Three or four of the past book reviews have been “Young Adult Fiction” books, and I feel that definition comes with an unfair stigma at times. Like they are lesser books.  I’m not the first to look at it this way, but I feel some people look down on fiction geared toward teens. The truth is a lot of these books are better paced and more visual than many “Adult” books I’ve read and it’s a shame that even some teenagers think that once they’re seventeen or eighteen that the world of “YA” is now for babies and they’re going to focus on “more mature, serious” readings.

Bullshit. “YA” can kicks ass.

Enter “Blood Red Road.” Published in June of 2011, it’s easily the best new YA novel from last year in my opinion. It is book #1 of Moira Young’s “Dustlands” series.

This book takes chances that many contemporary novelists, “Young Adult” or otherwise, would not risk, and I’m mainly talking about the use of slang. Think Mark Twain’s “Tom Sawyer” and you’ll get the gist. What’s more, the author really rolled the dice by making it extraordinarily sparse of punctuation. Think Cormac McCarthy’s “No Country for Old Men” or “The Road.” No parentheses and no quotations for spoken dialogue!—only some commas, dashes and periods.

Now, I know what you may be thinking: “That’s gimmicky.” You’re wrong. In this case, it enhances the story, which should always be the crucial consideration when doing things unconventionally. You may also be thinking: “How would you know who is speaking, and doesn’t the slang make it a tough read?” Absolutely not. Somehow, the way that this book was written is clear, flowing, and engaging. Somehow the lack of quotations and the heavy slang and phoentic spelling of words stops being an issue after a few pages in. Some may disagree and find the style far too distracting for them. Their loss.

But if you’re a fairly seasoned reader or are over fifteen, “Blood Red Road” is a literary gem, complete with an original adventure story, full of heart ache, sub-plots, quests, and revenge. The scenery and locations are also well described, and take the reader through the desert, the rivers, the forest, the grasslands, the mountains, etc.—all the big fantasy backdrops you’d expect.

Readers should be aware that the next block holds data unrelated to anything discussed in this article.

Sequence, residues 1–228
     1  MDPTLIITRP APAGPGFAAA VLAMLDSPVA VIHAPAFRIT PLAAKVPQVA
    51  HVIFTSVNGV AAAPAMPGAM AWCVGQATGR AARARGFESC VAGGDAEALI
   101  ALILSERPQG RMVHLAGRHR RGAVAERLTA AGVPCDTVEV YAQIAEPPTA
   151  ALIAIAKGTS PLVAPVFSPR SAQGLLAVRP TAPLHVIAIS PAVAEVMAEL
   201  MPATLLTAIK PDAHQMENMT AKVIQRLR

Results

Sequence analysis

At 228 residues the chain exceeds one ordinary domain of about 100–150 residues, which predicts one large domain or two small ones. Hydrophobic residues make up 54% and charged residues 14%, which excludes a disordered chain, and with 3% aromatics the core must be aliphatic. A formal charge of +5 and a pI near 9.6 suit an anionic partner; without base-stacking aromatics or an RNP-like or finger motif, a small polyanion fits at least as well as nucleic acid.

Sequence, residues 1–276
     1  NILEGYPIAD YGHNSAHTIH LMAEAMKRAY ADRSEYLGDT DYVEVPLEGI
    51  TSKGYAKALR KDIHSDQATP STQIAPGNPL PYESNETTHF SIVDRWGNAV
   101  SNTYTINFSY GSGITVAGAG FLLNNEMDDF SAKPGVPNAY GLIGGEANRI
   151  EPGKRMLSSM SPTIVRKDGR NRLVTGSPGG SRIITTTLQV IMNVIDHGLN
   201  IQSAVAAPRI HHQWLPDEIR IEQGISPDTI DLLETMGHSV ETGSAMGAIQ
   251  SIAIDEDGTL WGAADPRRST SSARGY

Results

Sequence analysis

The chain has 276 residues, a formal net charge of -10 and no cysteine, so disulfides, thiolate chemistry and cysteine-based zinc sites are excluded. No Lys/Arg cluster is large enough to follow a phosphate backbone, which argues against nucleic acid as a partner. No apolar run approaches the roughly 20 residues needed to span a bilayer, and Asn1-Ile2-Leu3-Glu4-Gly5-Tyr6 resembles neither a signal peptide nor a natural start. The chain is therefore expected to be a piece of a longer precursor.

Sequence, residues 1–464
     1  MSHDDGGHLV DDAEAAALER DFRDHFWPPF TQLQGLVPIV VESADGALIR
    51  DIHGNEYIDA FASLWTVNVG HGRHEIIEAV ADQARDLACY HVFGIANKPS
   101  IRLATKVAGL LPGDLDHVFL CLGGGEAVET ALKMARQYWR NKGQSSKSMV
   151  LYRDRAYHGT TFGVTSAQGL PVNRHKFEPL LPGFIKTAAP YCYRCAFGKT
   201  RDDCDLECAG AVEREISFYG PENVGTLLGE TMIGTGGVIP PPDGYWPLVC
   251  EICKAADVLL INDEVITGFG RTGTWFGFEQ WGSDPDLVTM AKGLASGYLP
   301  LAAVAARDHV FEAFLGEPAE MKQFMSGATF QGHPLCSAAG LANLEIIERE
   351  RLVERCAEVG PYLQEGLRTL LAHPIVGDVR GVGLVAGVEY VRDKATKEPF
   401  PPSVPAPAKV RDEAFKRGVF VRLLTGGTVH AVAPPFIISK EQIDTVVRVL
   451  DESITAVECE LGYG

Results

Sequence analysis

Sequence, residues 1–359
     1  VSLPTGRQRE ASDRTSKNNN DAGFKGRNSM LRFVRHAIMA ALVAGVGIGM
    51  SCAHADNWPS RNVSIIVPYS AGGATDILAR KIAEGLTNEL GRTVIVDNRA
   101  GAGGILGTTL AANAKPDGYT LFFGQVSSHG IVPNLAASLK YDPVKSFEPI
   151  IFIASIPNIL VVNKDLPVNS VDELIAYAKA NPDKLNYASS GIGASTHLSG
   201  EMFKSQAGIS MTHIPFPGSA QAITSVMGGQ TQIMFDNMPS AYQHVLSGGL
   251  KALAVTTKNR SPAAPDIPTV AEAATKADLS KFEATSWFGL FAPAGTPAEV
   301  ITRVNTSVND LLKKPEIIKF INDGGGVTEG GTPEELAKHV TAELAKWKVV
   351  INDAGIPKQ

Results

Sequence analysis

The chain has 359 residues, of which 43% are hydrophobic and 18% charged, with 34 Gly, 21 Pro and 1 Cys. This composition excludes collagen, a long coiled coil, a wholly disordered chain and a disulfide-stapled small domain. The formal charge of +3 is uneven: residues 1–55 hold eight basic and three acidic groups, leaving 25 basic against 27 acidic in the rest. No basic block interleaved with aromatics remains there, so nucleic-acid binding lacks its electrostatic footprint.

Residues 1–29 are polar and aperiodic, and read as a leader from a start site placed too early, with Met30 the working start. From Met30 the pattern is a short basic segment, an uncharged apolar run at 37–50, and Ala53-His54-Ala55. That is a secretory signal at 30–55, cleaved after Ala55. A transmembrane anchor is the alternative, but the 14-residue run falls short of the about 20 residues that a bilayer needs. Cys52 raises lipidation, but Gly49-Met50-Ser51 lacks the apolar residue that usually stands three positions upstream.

And Saba? Think “Gladiator” meets Katniss Everdeen meets Natalie Portman in “V for Vendetta.” Yeah. I know, right? “Blood Read Road” made me say: ‘Katniss who? What are the Hunger Games?’

BLR’s teenage female protagonist wipes the floor with the personal dramas of Katniss and company. Saba in BLR is memorable and loveable; and her love interest, Jack, is honestly the best charismatic, smoky, arrogant love interest I’ve read ever in YA. Seriously, as far as writing style goes and capturing another world, Young and Collins are neck-and-neck. All motivations and dialogue is believable.

Did I mention this is Moira Young’s first book? Yeah, I couldn’t believe it either. No first book should read so well. I cannot wait to see what else she delivers (this is the beginning of a series).

I really think “Blood Red Road” is a testament that Young Adult fiction can matter, can be powerful, and can be artistically important. This is the fat 450-some page YA novel that kept some YA conventions intact, but also turned a lot on their heads.

I love this book, will recommend it to anybody who likes futuristic, dystopian, fantasy-adventures and I will eagerly be anticipating the film in the next few years which is rumored to be helmed by the great Ridley Scott. Book #2 of the “Dustlands” series — Rebel Heart — is due out around Halloween 2012. (Per Usual, there are different covers for the UK and the US, plus different hardback and paperback, so don’t judge the books by their covers. No pun intended. I just wish the publishers had made it clear that “Dustlands” was the title or even the subtitle for “Blood Red Road”, because it’s just confusing now.)

Click the links to browse the titles on GOODREADS.COM — a site I recently fell in love with. The Facebook of passionate readers.

Just trust me: start reading this thing like I did, knowing little or nothing about it. By page 41, the end of the first part, I was spellbound. Satisfying and book club worthy, get a friend to read “Blood Red Road” with you so you can gush.




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“The Fault in Our Stars” by John Green: a book review

My first John Green book. I will read more.